When I heard about the opportunity to become a volunteer tutor to teach English to refugees, I felt it was something I wanted to do. I completed training and was later introduced to my student.


My student is from Somalia. She is a 29-year-old single mom with a 6-year-old son. She was 5 years old when she and two siblings left Mogadishu, Somalia, during their civil war. They were fortunate enough to go with another family, but left behind her parents and other siblings. They went to a refugee camp in Kenya. She lived in that refugee camp in a tent for15 years and suffered through many tragic losses of friends and family. Nine years ago, another family was able to bring them to the United States and my student and her brother and sister emigrated to Minnesota. My student moved to Colorado seven years ago.

My student didn’t get to go to school while in the refugee camp because she was the oldest daughter and had to work at home. She has never learned to read or write in any language. She tries quite hard to speak and read English, although sometimes it is a struggle with the responsibilities of her son, her family, her neighborhood and religious celebrations. She also listens diligently to citizenship CDs so she can become a citizen of the United States.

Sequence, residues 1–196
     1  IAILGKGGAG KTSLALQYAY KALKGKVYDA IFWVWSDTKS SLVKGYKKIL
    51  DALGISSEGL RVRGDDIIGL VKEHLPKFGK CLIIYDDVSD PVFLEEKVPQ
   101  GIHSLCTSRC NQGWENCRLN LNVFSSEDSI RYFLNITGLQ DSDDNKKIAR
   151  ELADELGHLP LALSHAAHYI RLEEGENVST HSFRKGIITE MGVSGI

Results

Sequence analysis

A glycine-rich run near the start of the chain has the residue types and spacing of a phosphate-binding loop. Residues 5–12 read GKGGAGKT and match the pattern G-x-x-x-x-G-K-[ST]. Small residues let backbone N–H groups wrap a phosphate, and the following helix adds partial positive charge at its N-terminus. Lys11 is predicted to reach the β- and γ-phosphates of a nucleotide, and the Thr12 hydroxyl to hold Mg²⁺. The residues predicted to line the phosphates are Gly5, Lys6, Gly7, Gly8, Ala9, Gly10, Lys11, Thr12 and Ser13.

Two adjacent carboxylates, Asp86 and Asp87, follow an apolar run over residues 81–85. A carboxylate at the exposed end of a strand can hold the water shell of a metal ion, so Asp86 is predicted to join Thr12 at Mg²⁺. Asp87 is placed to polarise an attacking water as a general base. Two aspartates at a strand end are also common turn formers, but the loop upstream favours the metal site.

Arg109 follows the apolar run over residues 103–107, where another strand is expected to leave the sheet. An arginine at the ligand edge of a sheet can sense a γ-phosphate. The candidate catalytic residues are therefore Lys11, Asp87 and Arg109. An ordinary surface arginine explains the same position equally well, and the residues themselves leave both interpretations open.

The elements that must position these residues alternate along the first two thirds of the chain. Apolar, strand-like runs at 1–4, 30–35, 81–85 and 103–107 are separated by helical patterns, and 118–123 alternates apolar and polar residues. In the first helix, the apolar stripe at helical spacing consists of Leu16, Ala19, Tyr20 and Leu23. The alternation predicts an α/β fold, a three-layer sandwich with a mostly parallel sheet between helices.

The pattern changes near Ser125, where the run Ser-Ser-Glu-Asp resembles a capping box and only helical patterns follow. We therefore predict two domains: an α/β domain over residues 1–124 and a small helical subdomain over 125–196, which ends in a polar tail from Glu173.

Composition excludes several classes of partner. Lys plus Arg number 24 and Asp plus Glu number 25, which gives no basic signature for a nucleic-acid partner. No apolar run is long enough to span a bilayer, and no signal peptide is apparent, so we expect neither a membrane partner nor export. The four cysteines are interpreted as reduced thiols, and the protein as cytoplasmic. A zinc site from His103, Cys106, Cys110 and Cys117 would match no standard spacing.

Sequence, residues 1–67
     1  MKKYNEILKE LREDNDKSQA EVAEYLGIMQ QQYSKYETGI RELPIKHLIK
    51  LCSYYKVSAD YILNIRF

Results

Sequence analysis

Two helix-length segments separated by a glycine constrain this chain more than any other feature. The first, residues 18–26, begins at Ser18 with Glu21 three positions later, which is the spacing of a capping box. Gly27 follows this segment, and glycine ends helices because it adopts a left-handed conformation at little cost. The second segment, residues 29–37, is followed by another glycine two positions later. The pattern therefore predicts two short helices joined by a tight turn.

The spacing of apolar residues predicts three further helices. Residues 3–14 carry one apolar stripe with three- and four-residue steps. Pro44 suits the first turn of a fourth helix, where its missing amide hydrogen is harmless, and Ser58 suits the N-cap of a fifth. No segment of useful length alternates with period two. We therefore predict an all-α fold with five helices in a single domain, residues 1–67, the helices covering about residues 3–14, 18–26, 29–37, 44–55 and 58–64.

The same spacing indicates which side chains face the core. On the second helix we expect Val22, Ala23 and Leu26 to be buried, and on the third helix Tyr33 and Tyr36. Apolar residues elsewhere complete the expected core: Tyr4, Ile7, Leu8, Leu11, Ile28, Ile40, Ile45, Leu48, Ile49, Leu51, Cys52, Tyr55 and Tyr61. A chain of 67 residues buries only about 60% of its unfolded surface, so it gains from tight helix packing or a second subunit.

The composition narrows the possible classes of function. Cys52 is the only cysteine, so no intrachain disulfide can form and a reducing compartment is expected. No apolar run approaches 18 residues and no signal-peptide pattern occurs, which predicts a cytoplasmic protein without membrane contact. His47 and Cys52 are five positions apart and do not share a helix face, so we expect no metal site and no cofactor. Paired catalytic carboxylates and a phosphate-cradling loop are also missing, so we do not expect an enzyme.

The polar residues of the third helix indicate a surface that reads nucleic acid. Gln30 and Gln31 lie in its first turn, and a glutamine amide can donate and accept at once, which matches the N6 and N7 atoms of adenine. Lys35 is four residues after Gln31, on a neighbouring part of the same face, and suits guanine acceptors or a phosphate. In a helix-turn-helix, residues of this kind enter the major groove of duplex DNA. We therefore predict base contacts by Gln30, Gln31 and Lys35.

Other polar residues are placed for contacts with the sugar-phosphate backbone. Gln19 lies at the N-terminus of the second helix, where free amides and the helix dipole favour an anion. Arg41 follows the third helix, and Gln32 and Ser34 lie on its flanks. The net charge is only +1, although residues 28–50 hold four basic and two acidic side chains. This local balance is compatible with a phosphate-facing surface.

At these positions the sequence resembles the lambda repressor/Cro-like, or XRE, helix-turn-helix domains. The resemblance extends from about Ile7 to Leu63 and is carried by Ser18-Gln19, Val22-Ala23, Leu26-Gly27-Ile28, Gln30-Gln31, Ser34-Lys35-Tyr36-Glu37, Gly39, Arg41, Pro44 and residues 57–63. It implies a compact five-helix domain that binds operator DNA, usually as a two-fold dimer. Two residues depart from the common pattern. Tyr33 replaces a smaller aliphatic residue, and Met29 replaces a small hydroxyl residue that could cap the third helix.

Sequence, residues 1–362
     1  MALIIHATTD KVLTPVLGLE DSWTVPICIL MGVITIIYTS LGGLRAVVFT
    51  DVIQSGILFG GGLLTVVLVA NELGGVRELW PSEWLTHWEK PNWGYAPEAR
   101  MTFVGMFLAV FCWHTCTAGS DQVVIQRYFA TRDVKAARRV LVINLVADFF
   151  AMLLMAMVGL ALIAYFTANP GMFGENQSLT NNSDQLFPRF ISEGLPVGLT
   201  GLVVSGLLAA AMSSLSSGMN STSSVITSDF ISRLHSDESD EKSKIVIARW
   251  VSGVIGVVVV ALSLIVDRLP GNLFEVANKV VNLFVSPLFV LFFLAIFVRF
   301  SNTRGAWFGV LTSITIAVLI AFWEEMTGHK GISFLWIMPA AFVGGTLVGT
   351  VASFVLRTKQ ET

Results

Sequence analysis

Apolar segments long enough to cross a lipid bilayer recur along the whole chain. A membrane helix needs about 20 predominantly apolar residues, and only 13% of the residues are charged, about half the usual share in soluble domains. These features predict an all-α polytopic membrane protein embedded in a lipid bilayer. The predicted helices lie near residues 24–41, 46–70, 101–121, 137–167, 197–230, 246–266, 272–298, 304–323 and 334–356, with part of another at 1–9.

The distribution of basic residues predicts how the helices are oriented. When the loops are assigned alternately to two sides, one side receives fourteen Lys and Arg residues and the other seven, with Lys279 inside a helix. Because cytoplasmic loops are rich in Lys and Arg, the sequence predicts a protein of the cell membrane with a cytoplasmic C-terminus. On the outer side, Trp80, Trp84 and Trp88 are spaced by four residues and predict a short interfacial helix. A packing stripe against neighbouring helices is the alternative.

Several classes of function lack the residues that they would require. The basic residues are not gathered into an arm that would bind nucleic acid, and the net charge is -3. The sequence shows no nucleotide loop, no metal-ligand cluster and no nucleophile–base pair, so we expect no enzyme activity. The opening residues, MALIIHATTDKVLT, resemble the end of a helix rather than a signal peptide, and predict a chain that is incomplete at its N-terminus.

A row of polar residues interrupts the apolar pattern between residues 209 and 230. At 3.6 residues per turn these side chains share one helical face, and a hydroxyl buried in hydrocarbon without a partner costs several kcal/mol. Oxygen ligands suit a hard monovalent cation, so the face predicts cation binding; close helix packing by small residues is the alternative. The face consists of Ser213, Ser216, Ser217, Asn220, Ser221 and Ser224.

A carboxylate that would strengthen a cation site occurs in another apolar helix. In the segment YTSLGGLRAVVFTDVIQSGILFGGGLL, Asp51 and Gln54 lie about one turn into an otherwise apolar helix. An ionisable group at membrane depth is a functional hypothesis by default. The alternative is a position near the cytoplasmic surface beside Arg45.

I’ve grown very fond of my student and her son. She makes me laugh. The grandma in me sometimes calls her “Hon”, and she calls me “Hon” back! I work with her usually twice a week, between one and two hours each time. I have also been able to help her in several other situations and recently, when the someone asked her, “Is your teacher a good teacher?” her answer was “She is a good teacher but there is more. She is a good friend!”